Going to see Hokkaido’s “end of the earth” at the very tip of Rausu

  • Going to see Hokkaido’s “end of the earth” at the very tip of Rausu



    by Shungo Hanaoka

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    Midway down the southern edge of the Shiretoko Peninsula, a place that is endlessly charming and attracting visitors, there is a small settlement–a tightly packed collection of people and buildings. This is the fishing village of Rausu. I went there and saw the furthest reaches of the earth. It was a truly poignant journey.


    Rausu-cho is a narrow village about 60 kilometers north to south and eight kilometers east to west. The village’s name, “Rausu,” is an adaptation of the Ainu word “Raushi” (a place with animal bones). This name apparently comes from the fact that this entire area used to be an Ainu hunting ground. This photo was taken from the Rausu Kunashiri Observatory Deck, 167 meters from the roadside station at a height of about 2.2 kilometers. It commands a view of the Shiretoko Peninsula’s highest peak Rausudake (elevation: 1,661m). The village runs along the narrow space within the ravine down towards the coast.


    Turning towards the ocean from the top of the observatory you can see that on the opposite side of the Nemuro strait stretching out before your eyes is Kunashiri Island, part of the northern territories. It sits almost directly adjacent and parallel to Rausu-cho. At its closest point it is only separated from the village by a mere 25 kilometers.


    The viewing guide displayed on the observatory platform gave a clear and straightforward introduction to the related sights. It was apparent how Kunashiri Island was long and narrow with both high points and low points. Incidentally, the much farther Etorofu Island is not visible.


    Let’s move from the center of the village and get a little bit closer to the edge of the Shiretoko Peninsula. At a section of high ground about three kilometers out stands Kujiranomieruoka Park (the whale watching hill park). The Rausu lighthouse is also here.


    Rausu’s coast and Kunashiri Island as seen from the Kujiranomieruoka Park. It is a fantastic view. As the name of the park suggests, from here you can supposedly see sperm whales spouting water with the naked eye. This is a truly exceptional place unlike any other in the world.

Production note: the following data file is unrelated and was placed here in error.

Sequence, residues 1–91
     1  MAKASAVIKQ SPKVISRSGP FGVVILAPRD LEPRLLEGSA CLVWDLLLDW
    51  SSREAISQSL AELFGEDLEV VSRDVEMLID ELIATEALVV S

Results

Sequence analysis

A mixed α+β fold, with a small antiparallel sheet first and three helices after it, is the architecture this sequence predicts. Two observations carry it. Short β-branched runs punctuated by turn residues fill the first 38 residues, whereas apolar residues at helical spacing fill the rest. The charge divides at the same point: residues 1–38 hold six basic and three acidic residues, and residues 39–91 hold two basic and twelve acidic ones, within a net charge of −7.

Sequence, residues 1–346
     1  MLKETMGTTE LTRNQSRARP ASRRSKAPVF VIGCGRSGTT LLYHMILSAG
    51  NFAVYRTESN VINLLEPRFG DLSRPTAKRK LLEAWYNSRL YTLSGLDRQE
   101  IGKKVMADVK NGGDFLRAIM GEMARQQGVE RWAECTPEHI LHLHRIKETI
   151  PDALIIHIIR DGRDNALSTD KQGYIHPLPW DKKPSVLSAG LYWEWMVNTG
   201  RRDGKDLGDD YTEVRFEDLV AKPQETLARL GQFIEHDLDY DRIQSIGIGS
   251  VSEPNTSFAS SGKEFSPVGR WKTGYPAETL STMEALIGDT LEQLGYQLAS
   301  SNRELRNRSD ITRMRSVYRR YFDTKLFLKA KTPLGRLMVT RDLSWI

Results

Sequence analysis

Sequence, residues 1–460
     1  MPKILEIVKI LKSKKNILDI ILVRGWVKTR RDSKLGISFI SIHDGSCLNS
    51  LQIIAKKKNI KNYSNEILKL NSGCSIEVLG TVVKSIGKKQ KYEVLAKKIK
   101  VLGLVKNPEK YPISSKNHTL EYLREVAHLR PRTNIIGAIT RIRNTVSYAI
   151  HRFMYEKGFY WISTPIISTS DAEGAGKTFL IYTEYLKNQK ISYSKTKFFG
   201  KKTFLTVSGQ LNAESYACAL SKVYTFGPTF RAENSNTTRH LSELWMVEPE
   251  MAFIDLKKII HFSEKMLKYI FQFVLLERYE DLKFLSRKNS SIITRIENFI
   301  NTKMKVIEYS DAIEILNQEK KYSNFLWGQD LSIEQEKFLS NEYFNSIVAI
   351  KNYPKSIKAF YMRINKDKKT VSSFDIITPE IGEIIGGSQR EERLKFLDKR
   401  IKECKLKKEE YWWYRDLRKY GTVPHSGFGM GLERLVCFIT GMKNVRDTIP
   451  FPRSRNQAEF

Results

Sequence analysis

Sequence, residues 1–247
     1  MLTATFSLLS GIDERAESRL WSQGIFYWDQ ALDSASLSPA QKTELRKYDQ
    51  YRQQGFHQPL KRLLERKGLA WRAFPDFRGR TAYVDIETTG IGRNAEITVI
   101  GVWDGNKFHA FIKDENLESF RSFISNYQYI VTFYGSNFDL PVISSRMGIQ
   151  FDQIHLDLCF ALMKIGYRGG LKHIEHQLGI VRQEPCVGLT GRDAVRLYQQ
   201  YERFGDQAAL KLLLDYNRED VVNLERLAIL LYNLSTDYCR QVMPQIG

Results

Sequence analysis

A hill road leading to the ocean.


    If you go along the coastal roads towards the edge of the Shiretoko Peninsula there is a point where the line of houses finally ends and a smattering of “ban’ya,” or small fishing huts, begins. There is construction work being done here and there on the slope of the mountain where there are absolutely no signs of human activity. Past that point there are signboards that say “Do not enter” and “Danger! No passage.” This is an area about 25 kilometers from the center of the village. As there are no roads that run around the Shiretoko Cape, this is closest you can come to it.


    Across a small bridge there are large signs warning “those who proceed past this point.” They say that “Shiretoko is a habitat with a high density of brown bears,” “Exercise caution in all fishing activities,” “You are accountable for all your actions,” and “Take nothing at all except for pictures.”


    This is the final point reachable by car, the Aidomari district. It is still 26 kilometers from the Shiretoko Cape, but it seems that there are no satisfying roads that run along the coast anyway. The origin of the name “Shiretoko” comes from the Ainu word “Shirietoku,” meaning “the edge of the earth.” This place truly lives up to that name.


    Returning to the village and heading to the Rausu business center. It is a museum that gives a straightforward introduction to  the nature of the Shiretoko National Park.


    It has a diorama laying out the geography of Shiretoko and a massive Orca skeleton display, among other interesting things.


    This 26-minute video introducing the nature of Shiretoko, titled “The Four Seasons of Rausu, Shiretoko,” is a must-see. It leaves nothing out in its account of the magnificence and wonder of the beautiful nature and lush flora and fauna of the area.


    I’m feeling a little hungry. Where should I go for lunch? Upon hearing from the locals that Hamata Market is particularly delicious, I decide to pay a visit.


    This is the recommended “Tokishirazu” special set meal. “Tokishirazu” consists of salmon that is outside the ordinary in that it was caught while still in the adolescent stage where it is not yet ready to lay eggs. As the fat and nutrients, etc., have not yet been consumed by the ovaries or testicles, they still permeate the meat. This is a truly exceptional piece of salmon with meat that is soft, tender, and fatty.  The set meal includes sashimi with arajiru (soup made from boiling leftover fish scraps).


    After buying some souvenirs I make my reluctant departure from Rausu. I’d love to come back during a different season.

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